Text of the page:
Former FEC Chairman Demystifies Citizens United
The recent passing of the two-year anniversary of Citizens United v. FEC has brought predictable handwringing on the left. The hysteria has included debates on whether the decision portends the “end of democracy as we know it” and calls for constitutional amendments stripping all legal protection from corporations. Perhaps ironically, these calls are coming from people who have organized in the corporate form to disseminate political speech.
But are the dire warnings and extraordinary solutions justified? Brad Smith, former Chairman of the Federal Election Commission who now chairs the Center for Competitive Politics, recently discussed Citizens United’s effects on our political system with Joseph M. Birkenstock, former chief counsel of the Democratic National Committee.
Smith addressed the common misperceptions about Citizens United explaining: (i.) how it actually changes campaign-finance law, (ii.) where the law could possibly be improved, (iii.) its likely effect on the current election cycle; and (iv.) what the decision means at the state and local level.
At its core, Citizens United aligned an inconsistent area of law by overturning the speech-repressive outlier Austin v. Michigan State Chamber of Commerce. Its primary impact is to permit corporations and unions to spend money on campaigns. The Citizens’ ruling, combined with SpeechNow.org v. FEC, which allows unlimited contributions to “527” advocacy groups, enables competing speakers in the political marketplace to get their messages out quicker and easier. The net result is a better-informed citizenry and a stronger democracy.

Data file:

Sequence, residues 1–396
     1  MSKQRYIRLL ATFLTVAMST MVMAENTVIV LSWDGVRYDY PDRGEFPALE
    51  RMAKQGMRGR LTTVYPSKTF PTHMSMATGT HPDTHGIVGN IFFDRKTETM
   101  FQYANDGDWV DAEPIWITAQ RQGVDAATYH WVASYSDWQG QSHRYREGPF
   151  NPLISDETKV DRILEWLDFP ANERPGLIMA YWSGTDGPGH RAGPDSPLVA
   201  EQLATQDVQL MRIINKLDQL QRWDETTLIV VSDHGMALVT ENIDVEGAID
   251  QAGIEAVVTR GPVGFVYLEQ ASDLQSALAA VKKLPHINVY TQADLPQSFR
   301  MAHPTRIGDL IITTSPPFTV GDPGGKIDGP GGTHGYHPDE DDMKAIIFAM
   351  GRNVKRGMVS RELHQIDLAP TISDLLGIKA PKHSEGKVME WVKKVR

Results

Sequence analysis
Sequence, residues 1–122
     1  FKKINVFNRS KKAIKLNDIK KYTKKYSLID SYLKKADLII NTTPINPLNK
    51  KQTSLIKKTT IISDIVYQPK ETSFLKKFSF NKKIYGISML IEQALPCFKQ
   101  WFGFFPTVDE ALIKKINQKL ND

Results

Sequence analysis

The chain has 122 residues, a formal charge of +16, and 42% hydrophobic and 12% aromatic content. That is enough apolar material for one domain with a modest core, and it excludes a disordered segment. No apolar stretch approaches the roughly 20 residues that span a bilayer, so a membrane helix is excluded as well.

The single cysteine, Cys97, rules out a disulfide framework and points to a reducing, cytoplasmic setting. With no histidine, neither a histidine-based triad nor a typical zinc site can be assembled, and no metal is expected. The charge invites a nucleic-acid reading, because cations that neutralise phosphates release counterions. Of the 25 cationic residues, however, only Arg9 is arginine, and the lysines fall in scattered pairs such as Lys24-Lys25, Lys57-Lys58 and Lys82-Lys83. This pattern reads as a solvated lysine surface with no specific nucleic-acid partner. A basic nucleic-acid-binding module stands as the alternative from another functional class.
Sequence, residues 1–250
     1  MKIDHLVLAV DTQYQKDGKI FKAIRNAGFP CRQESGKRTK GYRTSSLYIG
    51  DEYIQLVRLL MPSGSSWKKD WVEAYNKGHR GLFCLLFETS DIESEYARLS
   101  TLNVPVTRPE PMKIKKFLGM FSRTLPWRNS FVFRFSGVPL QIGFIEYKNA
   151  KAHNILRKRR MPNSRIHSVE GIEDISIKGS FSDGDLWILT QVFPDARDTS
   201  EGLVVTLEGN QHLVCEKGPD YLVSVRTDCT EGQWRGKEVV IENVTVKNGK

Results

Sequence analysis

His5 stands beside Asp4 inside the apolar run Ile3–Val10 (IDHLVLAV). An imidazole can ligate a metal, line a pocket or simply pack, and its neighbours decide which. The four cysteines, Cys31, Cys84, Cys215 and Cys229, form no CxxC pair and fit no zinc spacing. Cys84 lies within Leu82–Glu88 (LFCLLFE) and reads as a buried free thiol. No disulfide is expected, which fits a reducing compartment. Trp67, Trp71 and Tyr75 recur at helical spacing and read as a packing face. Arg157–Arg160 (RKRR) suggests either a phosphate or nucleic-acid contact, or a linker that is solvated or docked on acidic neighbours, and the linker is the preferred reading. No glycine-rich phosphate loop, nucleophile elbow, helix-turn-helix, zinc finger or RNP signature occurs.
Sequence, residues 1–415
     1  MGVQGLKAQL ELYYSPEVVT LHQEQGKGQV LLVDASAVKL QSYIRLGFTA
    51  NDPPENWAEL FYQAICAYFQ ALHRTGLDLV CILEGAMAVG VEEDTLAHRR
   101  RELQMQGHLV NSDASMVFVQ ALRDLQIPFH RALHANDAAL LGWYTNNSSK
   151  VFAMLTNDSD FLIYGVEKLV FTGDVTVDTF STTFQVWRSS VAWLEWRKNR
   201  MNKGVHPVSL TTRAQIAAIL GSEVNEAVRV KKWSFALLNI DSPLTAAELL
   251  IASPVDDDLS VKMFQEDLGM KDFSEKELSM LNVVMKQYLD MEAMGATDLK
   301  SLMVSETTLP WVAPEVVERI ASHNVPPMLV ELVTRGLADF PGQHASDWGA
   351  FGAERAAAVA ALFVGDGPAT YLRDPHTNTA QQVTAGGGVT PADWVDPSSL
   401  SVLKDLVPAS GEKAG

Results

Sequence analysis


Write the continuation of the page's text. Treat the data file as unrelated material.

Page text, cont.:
According to Smith, any defects in the current set-up involve disclosure requirements. While people often mischaracterize Citizens United as allowing clandestine Super PAC donations, Super PACs are still PACs and have to abide by all previous disclosure requirements. The problem, to the extent it exists, is identifying large corporate donors contributing to generic-sounding PACs. Any change could involve removing overly burdensome regulations on small donors and requiring more transparency on “mega-donations.” But these issues are minimal as internet research can usually apprise the curious to underlying funding sources.
Regardless of disclosure issues, however, Citizens United changes very little about our political process. In 2010 for instance, Citizen United-enabled political spending accounted for about 300 million dollars—an amount less than one-tenth that spent by candidates and political parties. The 2012 election cycle will be nasty and expensive, and a contrary Citizens United holding would have almost no effect on that premise. There will be slightly more money spent this election cycle but the main change will be who is spending.
Any deviations from the current campaign-finance paradigm would stem from the minority of states that ban Citizen United-type expenditures for state and local races. Smith commented on the recent Montana ruling, which the RNLA previously discussed here. He views the decision as a direct challenge the Court’s holding. And believes the Supreme Court will summarily reverse the Montana court, thus blocking any further attempts by states to dodge Citizens United by proclaiming their “uniqueness.”
Thus contrary to the “sky is falling” meme disseminated by some, Citizens United has not wrecked our democracy, but made it stronger by allowing more voices into our national conversation.